Strangely enough, the railroad also played a part in the establishment of various cemeteries. As the city itself grew larger, not only did some former rural cemeteries get displaced, people with money wished to be interred in an attractive rural setting. Woodlawn Cemetery was established in 1863, and took in the remains of cemeteries displaced in the city proper, and grew to become a venerable place of final rest for thousands. Such growth was undoubtedly assisted by the nearby railroad, easily allowing loved ones to visit the graves of their friends and family. Further north along the Harlem Division, the Kensico Cemetery was also established as a beautiful, rural final resting place. Truly appealing to the wealthy of the city, Kensico offered a private railcar for rent for funerals which would transport people directly from Grand Central to the cemetery’s very own train station.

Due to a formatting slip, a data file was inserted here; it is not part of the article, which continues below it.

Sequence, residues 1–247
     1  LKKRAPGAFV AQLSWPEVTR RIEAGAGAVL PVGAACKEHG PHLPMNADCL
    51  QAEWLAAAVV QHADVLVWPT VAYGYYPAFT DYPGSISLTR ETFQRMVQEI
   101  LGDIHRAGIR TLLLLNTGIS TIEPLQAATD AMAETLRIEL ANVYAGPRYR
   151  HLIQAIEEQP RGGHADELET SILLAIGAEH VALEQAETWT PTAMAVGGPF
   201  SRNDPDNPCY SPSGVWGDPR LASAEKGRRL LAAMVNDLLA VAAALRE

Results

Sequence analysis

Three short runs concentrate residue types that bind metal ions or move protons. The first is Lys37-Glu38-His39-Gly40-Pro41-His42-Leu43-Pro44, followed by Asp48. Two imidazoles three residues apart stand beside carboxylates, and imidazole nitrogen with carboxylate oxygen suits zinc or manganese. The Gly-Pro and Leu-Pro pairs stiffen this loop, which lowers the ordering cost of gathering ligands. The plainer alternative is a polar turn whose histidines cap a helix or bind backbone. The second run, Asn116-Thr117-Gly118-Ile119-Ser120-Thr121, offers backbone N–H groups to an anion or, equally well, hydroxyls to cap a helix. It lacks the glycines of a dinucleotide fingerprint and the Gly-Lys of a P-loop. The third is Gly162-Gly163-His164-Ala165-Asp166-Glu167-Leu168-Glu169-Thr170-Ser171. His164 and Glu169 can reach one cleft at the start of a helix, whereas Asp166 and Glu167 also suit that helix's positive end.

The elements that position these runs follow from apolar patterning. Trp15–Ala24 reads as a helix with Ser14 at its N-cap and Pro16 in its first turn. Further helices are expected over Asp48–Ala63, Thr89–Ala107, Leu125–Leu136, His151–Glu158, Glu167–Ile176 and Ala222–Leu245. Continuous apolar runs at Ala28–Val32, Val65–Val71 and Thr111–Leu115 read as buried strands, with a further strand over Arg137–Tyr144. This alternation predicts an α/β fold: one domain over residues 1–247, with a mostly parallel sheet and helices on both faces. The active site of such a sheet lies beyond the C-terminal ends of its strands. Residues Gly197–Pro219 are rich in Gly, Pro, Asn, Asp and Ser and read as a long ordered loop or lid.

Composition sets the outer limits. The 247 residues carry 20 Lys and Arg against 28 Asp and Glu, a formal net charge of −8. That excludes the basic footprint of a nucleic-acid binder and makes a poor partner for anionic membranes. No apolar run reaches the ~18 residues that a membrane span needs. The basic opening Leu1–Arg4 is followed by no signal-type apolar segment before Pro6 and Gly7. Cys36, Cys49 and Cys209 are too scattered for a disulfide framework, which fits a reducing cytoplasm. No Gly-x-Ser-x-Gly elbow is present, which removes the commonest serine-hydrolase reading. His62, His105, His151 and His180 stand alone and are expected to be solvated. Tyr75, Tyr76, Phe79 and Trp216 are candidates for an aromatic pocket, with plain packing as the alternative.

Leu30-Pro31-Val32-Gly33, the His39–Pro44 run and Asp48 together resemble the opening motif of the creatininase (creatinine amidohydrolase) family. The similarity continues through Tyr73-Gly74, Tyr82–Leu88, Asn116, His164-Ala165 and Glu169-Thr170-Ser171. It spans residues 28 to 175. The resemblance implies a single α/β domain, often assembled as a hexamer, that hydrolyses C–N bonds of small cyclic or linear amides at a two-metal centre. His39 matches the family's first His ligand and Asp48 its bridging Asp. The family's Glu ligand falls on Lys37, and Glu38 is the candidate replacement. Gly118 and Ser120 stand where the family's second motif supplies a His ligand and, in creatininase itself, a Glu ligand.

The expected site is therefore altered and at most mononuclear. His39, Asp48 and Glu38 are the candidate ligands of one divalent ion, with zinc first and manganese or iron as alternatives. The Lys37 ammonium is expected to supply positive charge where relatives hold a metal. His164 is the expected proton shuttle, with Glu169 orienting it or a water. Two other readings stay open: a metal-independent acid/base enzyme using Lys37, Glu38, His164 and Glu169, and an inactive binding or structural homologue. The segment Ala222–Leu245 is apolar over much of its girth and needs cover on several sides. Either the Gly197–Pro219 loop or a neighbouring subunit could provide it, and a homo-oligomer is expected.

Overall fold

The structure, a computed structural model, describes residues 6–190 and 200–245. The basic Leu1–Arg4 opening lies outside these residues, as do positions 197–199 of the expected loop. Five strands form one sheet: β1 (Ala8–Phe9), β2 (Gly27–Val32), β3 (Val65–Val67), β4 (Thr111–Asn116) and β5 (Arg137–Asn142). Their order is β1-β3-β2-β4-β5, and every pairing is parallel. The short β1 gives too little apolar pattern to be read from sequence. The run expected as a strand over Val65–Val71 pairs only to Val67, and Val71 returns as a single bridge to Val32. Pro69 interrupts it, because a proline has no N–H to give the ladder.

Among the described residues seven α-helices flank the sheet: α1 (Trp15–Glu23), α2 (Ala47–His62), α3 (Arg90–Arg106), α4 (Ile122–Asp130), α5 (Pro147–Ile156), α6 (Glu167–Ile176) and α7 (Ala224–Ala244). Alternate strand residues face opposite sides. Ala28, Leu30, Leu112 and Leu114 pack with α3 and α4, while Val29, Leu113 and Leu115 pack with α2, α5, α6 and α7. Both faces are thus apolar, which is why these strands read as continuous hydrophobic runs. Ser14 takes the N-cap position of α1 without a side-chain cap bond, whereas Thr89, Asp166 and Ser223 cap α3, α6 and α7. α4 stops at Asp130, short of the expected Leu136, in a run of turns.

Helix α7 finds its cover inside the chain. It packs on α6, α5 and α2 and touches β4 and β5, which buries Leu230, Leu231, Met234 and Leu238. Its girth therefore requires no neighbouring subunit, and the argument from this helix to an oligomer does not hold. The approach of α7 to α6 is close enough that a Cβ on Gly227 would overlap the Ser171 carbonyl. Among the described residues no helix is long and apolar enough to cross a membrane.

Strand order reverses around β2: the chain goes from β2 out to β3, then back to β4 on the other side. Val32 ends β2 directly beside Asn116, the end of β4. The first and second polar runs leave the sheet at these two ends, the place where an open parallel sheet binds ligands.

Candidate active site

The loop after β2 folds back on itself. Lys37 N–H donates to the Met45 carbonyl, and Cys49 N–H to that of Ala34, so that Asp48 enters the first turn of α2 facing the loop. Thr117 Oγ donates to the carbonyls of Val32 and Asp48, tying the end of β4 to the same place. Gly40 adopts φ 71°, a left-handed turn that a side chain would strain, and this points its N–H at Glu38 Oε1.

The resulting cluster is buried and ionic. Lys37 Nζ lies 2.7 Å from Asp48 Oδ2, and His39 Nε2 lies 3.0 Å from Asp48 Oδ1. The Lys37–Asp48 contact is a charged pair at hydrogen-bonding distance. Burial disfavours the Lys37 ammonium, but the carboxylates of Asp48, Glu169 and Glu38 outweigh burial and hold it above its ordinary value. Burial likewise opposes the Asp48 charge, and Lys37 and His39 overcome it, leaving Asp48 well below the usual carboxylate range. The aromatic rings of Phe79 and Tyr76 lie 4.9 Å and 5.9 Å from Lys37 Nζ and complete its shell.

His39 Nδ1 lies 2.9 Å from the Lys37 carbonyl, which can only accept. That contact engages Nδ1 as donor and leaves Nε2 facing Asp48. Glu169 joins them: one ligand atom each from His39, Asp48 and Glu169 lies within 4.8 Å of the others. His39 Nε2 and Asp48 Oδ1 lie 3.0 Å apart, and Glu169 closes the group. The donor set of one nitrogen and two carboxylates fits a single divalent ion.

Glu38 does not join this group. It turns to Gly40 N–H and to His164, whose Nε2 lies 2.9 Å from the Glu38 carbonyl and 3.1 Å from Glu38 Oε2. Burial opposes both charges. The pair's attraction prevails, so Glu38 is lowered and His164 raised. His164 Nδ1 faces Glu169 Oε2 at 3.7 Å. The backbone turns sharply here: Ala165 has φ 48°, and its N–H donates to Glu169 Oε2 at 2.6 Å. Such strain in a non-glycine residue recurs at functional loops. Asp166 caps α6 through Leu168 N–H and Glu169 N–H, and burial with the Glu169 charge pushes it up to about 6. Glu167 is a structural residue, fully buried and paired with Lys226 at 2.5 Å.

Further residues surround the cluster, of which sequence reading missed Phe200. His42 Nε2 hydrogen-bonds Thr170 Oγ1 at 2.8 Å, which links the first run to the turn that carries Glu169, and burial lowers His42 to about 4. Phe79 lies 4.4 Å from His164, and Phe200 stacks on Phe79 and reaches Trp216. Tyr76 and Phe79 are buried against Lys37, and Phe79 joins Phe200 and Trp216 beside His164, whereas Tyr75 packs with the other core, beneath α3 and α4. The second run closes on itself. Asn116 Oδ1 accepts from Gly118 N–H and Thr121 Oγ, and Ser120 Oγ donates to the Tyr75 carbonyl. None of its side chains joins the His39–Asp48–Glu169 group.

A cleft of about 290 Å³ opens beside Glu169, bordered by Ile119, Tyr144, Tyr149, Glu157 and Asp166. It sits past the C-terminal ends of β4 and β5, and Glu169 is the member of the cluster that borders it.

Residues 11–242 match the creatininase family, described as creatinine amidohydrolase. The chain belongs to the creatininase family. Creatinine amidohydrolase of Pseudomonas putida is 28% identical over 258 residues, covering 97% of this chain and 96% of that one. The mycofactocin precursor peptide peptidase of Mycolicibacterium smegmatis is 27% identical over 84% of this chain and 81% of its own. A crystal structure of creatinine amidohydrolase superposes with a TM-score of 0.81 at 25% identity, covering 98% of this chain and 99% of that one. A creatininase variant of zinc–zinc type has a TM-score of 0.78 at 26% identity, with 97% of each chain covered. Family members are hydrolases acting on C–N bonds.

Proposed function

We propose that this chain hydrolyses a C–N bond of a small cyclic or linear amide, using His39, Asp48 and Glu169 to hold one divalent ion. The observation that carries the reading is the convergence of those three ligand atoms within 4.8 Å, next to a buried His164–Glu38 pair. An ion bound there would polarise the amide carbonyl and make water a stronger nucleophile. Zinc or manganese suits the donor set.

Though Woodlawn and Kensico may be the two most commonly known cemeteries that owe their growth to the Harlem Railroad, there is another slightly more unique cemetery that also falls into that category – the Hartsdale Pet Cemetery. Just like its brethren, the Hartsdale cemetery has seen gun salutes, bagpipers, and is the final resting place for thousands of friends – however the majority of them just happen to not be human. Buried within its grounds you’ll find the graves of war dogs, police dogs (including at least one MTAPD K9), a search and rescue dog that lost its life on September 11th, thousands of other cats and dogs, humans that opted for their cremains to be interred together with their beloved pets, and even a lion. It is also home to the War Dog Memorial, celebrating the animals that fought alongside their human handlers in the Great War.